I suggest there are 3 points of interest here, 1, don't under any circumstances let anyone work or watch you dig, from within or under the reach of the machine, 2, being " if you can drain and refill the hole you are digging, you will be able to see the bedrock as you dig the hole, and the big rocks, 3, if you cannot or do not drain the hole easily, ( other method ), I suggest you have the line of thought where you remember where the bedrock/big rocks is and at which depth, in dirty water you cannot see, so I sort of have a 3D picture / map in my head of each hole, this will save the machine from to much knocking around and damage,also mental mapping is a necessity when dredging with a cutter head dredge,
Good idea there, I can call daily for release info and reservoir levels, :smile:
Also, would you like to discuss some spots in your pics where you might find some easy gold, ??.
Also, do you have a good knowledge of excavator repairers / parts for your machine, in your area,
Also, as you might know, if the engine stops in most excavators, the tracks are automatically locked, and you cannot move the machine,if your machine is similar to mine a small petrol / hyd pump can be used to release the brakes, and if the machine is fairly level, you can winch/ or tow the excavator with a good 4x4 or dozer / tractor, even with the bucket and arms dragging behind, and maneuver it by braking on one track,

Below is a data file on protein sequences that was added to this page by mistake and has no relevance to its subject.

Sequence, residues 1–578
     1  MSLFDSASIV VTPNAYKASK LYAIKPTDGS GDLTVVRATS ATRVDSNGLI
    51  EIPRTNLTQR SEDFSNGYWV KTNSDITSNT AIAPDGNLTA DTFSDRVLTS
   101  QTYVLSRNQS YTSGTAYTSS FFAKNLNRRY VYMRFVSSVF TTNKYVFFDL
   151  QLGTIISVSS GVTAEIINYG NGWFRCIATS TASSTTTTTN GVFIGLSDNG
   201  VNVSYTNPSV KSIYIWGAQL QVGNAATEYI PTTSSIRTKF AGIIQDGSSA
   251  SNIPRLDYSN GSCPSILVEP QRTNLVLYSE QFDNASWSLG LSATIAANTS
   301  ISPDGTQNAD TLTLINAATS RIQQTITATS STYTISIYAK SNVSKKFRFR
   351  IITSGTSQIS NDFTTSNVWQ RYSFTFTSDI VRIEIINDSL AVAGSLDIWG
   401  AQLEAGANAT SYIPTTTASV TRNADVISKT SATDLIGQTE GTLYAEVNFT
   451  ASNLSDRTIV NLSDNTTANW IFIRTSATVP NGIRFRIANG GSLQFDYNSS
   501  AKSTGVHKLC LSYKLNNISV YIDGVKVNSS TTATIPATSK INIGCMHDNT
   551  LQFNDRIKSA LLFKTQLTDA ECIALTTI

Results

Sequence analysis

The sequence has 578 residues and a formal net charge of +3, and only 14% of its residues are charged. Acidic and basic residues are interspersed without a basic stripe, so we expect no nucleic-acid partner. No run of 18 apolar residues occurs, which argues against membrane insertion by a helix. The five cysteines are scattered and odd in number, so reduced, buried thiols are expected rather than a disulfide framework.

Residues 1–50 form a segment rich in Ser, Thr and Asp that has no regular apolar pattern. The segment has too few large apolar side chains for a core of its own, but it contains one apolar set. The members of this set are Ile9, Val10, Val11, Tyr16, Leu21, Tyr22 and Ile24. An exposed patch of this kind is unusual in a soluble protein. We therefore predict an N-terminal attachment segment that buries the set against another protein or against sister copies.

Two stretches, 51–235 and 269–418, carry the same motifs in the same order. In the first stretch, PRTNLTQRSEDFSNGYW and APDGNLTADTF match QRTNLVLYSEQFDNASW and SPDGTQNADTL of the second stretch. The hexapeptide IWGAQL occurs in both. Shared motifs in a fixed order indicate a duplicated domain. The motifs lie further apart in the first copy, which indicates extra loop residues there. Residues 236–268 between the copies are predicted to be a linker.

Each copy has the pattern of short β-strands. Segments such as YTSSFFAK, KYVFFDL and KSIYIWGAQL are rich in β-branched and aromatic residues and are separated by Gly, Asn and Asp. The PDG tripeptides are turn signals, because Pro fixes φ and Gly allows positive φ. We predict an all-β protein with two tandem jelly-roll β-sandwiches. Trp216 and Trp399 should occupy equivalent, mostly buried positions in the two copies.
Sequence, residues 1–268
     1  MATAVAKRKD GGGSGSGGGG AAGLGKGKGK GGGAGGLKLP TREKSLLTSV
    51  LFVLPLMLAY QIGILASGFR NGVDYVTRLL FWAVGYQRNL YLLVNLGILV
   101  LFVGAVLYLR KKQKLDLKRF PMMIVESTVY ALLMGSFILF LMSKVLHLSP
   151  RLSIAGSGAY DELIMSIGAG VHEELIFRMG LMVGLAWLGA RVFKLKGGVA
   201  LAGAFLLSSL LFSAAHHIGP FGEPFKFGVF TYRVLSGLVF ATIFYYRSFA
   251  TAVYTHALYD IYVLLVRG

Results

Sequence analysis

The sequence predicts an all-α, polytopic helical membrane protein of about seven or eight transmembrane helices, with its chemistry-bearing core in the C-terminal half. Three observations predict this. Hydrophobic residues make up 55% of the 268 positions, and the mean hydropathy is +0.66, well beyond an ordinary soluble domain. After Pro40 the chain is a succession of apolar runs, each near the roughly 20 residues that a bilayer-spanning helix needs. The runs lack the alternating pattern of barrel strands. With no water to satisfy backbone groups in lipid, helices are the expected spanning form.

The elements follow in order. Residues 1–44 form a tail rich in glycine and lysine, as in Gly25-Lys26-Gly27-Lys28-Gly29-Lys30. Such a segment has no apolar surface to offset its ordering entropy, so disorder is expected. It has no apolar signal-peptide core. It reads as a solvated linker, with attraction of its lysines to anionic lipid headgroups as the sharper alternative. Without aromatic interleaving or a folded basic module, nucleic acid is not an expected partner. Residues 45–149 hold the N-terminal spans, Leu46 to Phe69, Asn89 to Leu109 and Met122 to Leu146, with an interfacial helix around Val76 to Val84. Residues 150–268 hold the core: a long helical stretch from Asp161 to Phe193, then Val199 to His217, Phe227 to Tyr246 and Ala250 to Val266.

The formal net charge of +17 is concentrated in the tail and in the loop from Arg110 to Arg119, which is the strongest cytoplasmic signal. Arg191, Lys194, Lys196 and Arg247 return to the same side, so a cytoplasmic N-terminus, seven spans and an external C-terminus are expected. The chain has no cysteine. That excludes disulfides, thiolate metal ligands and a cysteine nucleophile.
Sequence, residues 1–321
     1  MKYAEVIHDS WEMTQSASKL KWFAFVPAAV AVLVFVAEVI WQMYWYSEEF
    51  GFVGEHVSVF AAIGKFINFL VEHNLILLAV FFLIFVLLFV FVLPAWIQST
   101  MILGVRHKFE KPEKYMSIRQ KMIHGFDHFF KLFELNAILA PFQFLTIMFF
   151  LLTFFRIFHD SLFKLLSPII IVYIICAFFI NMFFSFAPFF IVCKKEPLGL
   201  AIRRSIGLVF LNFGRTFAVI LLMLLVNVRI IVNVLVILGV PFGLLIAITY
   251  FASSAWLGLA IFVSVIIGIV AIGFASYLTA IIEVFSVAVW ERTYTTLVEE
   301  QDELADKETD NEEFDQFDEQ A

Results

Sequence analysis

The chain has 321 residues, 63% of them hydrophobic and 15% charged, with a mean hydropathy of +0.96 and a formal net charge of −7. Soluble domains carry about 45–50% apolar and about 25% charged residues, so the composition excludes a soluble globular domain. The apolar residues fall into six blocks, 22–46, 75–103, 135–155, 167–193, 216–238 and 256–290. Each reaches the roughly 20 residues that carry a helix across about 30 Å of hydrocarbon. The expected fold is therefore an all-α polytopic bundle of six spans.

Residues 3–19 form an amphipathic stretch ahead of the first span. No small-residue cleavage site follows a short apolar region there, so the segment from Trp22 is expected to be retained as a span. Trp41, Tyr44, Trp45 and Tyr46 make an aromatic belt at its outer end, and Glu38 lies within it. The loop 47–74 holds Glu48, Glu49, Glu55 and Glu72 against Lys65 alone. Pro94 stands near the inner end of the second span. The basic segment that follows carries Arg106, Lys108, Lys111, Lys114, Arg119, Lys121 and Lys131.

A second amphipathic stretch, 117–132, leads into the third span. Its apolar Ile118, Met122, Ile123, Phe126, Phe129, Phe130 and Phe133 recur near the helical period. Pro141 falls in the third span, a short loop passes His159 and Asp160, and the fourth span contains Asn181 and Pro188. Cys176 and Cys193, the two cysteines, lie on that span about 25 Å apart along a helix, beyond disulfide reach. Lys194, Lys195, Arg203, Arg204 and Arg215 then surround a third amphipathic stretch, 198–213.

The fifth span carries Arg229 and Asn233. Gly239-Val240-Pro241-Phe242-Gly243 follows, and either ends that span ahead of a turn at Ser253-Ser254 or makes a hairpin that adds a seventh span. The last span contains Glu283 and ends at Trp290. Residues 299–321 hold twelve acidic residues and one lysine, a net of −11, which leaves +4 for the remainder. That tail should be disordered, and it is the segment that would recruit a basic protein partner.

There is a lot of little tricks for when or if you blow a ram hose or have a leaky rotary valve, or break a track drive, which I hope to cover asap,
One thing that will scare the heck out you is when ya excavator makes alot of loud metal banging noises then stops, right in the wrong place, this is usually a blocked fuel filter, very scary until you figure it out, so I suggest you go through your fuel filter system right from the tank to the fuel pump, get to know it thoroughly, and keep it clean, and all threads free so they do not snap bolts when your in a hurry,
All maintenance is like insurance to ensure you don't break down,
I would also suggest or say in my opinion that the excavator is the best machine to repair / breakdown on site compared to loaders or bulldozers, easy quick repairs with minimum time down, if you have done your home work, and are ready,

Sorry gotta run,

  
kaveman
14:13:21 Wed
Mar 18 2009

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Re: Dredging W/hydraulic Excavator,part two.